At my job i had to write a report. Apperantly i used the wrong form because the proper form wasn't available. My supervisors asked me to re-write the report using the proper form, I have no problem with this. They are also asking me to write an apology letter for using the wrong form. This is what i have a problem with because the proper forms were not available to me. So the question is if i decide not to write an apology letter and get disciplined or terminated for it is it considered wrongful termination? if so is it worth pursing a case over it?
Refusing to perform the task the employer directs an employee to do is insubordination, which nearly always legitimates the decision to terminate an employee who is not otherwise protected by contract or a collective bargaining agreement. The scenario you describe does not constitute wrongful termination under general principles of law.
Lawsuit / Dispute Attorney
No, this is nothing close to wrongful termination. Write the apology and learn from the mistake. Taking to writing an apology is a key step for you to internalize the requirement, form or no form
Family Law Attorney
Generally, an employer may make various requirements of the employee so long as the employer does not behave in an illegal manner including behaviors recognized as discriminatory under law. And, absent contractual agreement to the contrary, employment is 'at will'. Wrongful termination generally refers to a discharge of an employee for reasons that are illegal in nature or for reasons that are violative of the employer's own company policies.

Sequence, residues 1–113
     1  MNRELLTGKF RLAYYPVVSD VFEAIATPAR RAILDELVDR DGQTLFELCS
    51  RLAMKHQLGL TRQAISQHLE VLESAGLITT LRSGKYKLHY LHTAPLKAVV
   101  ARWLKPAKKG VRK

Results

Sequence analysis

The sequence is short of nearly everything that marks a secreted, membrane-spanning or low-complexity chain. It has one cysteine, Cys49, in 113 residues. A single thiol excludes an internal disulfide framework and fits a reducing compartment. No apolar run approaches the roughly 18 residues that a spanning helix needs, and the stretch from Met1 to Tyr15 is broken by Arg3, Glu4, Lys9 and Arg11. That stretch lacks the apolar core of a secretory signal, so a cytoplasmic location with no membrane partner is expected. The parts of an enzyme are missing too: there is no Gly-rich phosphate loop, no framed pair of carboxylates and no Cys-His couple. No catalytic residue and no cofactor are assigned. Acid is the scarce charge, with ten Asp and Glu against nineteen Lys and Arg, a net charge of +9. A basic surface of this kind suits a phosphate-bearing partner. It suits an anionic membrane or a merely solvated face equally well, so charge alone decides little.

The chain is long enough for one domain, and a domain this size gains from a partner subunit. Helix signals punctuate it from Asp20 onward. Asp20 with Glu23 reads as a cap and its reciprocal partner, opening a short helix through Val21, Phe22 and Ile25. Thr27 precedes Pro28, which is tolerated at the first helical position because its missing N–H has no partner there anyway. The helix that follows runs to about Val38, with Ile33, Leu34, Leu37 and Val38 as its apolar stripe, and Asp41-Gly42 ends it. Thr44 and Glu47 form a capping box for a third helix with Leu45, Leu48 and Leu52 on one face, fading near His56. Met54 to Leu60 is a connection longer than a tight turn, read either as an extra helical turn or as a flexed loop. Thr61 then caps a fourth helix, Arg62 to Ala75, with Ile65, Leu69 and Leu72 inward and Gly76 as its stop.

MINNEAPOLIS/ST. PAUL and outlying areas to ST CLOUD. Do seek legal counsel for your personal legal issues and needs. This post is not legal advice and does not create an attorney-client relationship. This post is to be considered general information which may or may not apply to your personal situation.
Criminal Defense Attorney
If you do not have a contract which specifies how discipline may occur, you are considered an "at will employee." That means you may be terminated for amy reason or no reason at all, except for termination based on a suspect classification protected b statute. In short, the answer is likely "yes" that they may terminate you for not doing as instructed,
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